By Marvin Dotiyal, Staff Writer
Key Tracks: “Hero of the Half Truth”, “Float”, “Carbon Copy”
The state of modern metalcore is a barren breeding ground for artists; they either come off short with their so-called “progression” or fail to reinvent the wheel. Genre-defining bands like The Devil Wears Prada are dying, while some completely transition into a radio-rock route (looking at you, Bring Me The Horizon). But, August Burns Red maintains its persistence and momentum with each release.
Their seventh release, Phantom Anthem, takes a bit of everything from August Burns Red’s discography—tasty breakdowns, melodic guitar riffs, groovy basslines and technical drum work—and dials them up to 11. Although Phantom Anthem is light on metalcore elements, the album builds character through its thrash-metal influences, emphasizing a lot more on melodic guitar soloing and complex song structures.
Almost every song is a banger, and it’s hard to deny their musical talent and songwriting capabilities at any point of this album. “Hero of the Half Truth” gives a quick overview of August Burns Red’s signature sound and how the rest of the album will flow. There’s a good amount of chugging, chaotic blast-beats, rapid “circle-pit” moments and even a smooth instrumental break, which is packed into five exhilarating minutes. Bass is usually not as prominent in metalcore aside from providing a boost on the low end, but the band makes sure it isn’t forgotten, as shown clearly in “The Frost”. This song has more of a progressive metal feel—something like a Periphery and new Veil of Maya crossover. In a similar vein, “Invisible Enemy” starts off with a Japanese-themed koto intro and builds up into a rhythm-oriented chugging that powers the entirety of the song.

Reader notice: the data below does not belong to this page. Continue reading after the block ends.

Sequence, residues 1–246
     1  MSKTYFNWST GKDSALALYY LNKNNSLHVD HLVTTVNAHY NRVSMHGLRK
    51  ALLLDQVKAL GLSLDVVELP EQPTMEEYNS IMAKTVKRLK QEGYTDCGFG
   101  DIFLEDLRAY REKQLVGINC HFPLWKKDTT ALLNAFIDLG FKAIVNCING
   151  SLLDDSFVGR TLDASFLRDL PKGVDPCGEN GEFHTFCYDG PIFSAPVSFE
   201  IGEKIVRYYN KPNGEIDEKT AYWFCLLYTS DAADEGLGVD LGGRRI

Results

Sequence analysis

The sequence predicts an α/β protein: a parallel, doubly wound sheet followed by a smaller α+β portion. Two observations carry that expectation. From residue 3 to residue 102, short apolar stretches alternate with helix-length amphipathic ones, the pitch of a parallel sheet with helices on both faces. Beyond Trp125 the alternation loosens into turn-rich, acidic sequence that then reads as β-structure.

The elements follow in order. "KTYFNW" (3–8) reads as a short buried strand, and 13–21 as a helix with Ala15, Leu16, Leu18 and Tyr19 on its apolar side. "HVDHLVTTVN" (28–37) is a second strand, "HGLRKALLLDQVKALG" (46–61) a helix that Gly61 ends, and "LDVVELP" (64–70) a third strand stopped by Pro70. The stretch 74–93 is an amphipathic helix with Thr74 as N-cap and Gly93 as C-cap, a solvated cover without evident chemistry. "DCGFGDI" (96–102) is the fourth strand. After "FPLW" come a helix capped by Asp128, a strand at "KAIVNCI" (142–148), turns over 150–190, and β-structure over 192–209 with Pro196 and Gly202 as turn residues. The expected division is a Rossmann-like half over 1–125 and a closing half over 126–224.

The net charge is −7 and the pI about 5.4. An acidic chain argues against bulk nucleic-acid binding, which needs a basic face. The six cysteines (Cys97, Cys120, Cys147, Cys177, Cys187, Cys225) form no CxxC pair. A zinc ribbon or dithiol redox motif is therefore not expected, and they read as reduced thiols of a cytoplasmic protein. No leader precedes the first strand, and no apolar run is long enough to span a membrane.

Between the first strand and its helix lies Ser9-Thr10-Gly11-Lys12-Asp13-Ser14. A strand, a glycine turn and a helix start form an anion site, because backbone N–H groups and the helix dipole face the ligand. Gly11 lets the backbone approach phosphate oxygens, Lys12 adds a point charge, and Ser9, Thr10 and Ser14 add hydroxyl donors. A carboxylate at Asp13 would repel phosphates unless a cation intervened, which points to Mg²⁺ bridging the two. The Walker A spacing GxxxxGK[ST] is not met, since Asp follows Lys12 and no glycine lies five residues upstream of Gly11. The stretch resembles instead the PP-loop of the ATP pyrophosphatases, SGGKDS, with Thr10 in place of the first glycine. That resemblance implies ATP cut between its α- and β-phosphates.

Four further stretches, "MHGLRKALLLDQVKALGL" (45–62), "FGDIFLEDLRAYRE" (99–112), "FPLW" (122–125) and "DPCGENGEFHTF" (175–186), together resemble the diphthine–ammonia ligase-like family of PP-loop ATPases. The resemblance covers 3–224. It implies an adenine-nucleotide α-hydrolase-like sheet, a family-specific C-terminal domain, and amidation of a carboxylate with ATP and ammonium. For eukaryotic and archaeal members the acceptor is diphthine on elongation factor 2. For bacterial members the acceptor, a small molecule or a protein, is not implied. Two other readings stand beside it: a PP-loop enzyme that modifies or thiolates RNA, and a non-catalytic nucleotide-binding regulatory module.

“Lifeline”, “Quake” and “Float” resemble the band’s older sound during their Constellations and Leveler era, incorporating more metalcore breakdowns and giving the older fans a fun little throwback. Odd time signatures are scattered throughout, giving unexpected turns and surprises. The album finishes strong and heavy with “Carbon Copy”, one of August Burns Red’s very few songs that are in Drop D tuning. This ultimately gives a completely different vibe to the album, wrapping up the whole record as a memorable 50-minute journey.
The synergy between Jake Luhrs’ unclean vocals and the instrumentals create a thrilling, brutal touch to their music per usual. Guitarists JB Brubaker and Brent Rambler’s riffs are fresh no matter how many different riffs they’ve written in the past. Matt Greiner, one of the leading drummers in the scene, is always on top of his tempo with innovative drum sequences and fills.
On the other hand, however, each song averages about 5 minutes, which can be deemed repetitive and long to some listeners. It is also arguable that their music lacks simplicity at times; it’s almost as if they are forcing musical complexity. While usually criticized for having ambiguous and arbitrary lyrics, August Burns Red’s lyrics on this record are far more positive with better poetic delivery.
With a consistent lineup since 2006, August Burns Red knows the right procedure when it comes to making new material; they know what to retain, reinvent and renovate. This is what separates the band from current artists that struggle for creativity and resort to the downward spiral of down-tuning guitars. Even if Phantom Anthem might be overly technical or long perhaps, it’s a breathtaking record full of pure creative energy.